As part of a series on the twenty authors from The Best of Young Brazilian Novelists issue – which was first published in Portuguese by Objectiva – Miguel del Castillo is introduced by previous Best of Young Spanish-Language Novelist Andrés Neuman.


The protagonist of this story, Miguel Angel, shares his name with another Miguel Angel, who fought with the guerrillas during the dictatorship and is being, in a way, idealized. Did Miguel Angel fear nothing, as we are told in the first lines? I doubt it. A man without fears would be an empty man, not an epic man. Brave people are people who do something with their weakness. There is, of course, a metaphorical transference through the main character’s name. A sort of historical guilt, inherited by a later generation that has no heroes nor epic memories, but does have a lot of questions. And questions, more than heroes, are the material from which good stories are made.

Del Castillo’s story is far more than an interesting testimony about the Tupamaros, the influential guerrilla organization to which the current Uruguayan president himself once belonged. Or about what in the Anglo world are usually (and wrongly: as if they had been two equivalent forces) called Latin American dirty wars. No, my touristic folks! Fortunately ‘Violeta’ is overall a piece of wonderful, oblique prose. A very well written (and, I’d dare to say, carefully refined by the author) story with a mature style and a peculiar form. It is as if the lost fragments of family history are painstakingly collected by the narrator, piece by piece. The writing seems to follow the winding and uncertain silhouette of an incomplete memory. This is when Alzheimer’s becomes much more than an individual illness, achieving the rank of a social, political trauma.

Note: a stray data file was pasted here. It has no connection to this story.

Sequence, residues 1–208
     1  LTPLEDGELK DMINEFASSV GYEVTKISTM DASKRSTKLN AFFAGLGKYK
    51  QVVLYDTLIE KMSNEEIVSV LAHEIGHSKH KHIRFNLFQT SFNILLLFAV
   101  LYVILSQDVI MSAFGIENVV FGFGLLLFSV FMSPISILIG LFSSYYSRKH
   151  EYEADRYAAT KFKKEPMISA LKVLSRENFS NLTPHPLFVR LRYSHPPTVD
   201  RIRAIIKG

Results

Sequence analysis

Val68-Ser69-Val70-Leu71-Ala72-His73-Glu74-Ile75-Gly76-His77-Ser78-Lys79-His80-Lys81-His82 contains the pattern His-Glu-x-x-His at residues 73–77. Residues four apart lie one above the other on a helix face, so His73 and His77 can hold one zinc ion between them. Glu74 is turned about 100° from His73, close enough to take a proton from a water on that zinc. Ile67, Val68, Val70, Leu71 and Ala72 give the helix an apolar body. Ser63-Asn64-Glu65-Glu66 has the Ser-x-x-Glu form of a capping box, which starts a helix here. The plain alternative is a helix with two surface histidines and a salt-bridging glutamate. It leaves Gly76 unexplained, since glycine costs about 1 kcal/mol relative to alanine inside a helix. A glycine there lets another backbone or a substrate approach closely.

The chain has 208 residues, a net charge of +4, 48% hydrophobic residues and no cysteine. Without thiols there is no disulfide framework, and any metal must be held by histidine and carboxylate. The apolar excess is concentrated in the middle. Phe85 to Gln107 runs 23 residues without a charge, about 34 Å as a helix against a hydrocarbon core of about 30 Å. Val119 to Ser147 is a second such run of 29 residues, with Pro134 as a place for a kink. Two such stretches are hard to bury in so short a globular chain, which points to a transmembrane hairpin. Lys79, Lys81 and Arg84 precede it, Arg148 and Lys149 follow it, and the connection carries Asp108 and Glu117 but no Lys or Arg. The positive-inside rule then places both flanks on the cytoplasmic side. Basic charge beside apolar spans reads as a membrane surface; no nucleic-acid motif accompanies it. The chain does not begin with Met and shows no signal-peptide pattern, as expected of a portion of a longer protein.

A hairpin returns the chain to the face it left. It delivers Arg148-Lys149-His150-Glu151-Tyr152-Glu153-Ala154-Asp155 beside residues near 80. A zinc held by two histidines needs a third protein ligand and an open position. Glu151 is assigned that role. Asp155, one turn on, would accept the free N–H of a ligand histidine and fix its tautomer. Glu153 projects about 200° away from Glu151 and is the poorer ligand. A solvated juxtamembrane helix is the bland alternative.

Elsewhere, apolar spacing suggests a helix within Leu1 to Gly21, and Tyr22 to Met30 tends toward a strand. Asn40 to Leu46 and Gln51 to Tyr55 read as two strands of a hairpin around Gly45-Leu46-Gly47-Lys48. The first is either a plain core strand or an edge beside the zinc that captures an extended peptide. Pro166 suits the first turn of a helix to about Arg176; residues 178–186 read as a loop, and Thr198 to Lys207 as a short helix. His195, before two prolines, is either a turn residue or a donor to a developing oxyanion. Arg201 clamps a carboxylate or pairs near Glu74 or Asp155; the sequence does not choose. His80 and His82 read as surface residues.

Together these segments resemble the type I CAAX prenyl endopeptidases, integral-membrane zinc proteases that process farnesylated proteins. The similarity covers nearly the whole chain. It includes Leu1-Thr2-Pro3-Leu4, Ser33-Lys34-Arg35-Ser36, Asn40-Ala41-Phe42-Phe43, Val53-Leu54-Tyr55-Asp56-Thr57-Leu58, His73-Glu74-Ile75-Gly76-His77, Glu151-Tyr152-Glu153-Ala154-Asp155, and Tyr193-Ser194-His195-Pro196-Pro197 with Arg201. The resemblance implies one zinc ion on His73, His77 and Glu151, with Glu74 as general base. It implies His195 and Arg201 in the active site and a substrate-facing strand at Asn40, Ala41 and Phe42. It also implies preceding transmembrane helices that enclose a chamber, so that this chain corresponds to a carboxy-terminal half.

‘Violeta’ seems symptomatic of a recent tendency in Latin American literature to conjure narrators who don’t know their family past and who, through detailed research unearth their link with political history. These narrators make us think wonder who did what to who in our own families. Find out who named us and why.

I liked very much the poetical structure of Del Castillo’s prose, its unfinished syntax, as synthetic as suggestive, easily skipping from one level to other. I also liked the dynamic dialogues, or lyrical fragments of dialogues, emerging among the stream of narration slightly in a way reminiscent of Lobo Antunes. In this story, the Spanish language works as like a secret code which the family hasn’t told to the protagonist, and which he fights to learn by himself. It’s worth pointing out here how, as far as I know, at least another one among the Brazilian authors selected by Granta (J. P. Cuenca) was in a similar situation with his Argentinean father. As if the new Brazilian writers had faced their cosmopolitan condition not thanks to, but in spite of, their literary fathers.

The most urgent problem posed here is how to remember with an impoverished memory. The deep melancholia invoked by the narrator has nothing to do with the typical saudade. It is not simply the fact of missing what has gone. But the painful lack of what never happened to us, of what we didn’t see. That’s more or less, I suspect, what poetry can be. A hole in our vision. A ‘silent laughter’.

Inside that hole, behind that silence, we still can hear the noise of those death flights. Del Castillo’s brief and terrifying description, reappearing across the second half of the text, sounds just like an unending fall. Too fast to be forgotten, too cruel to be forgiven.

Introducing Luisa Geisler
Books I Read This Year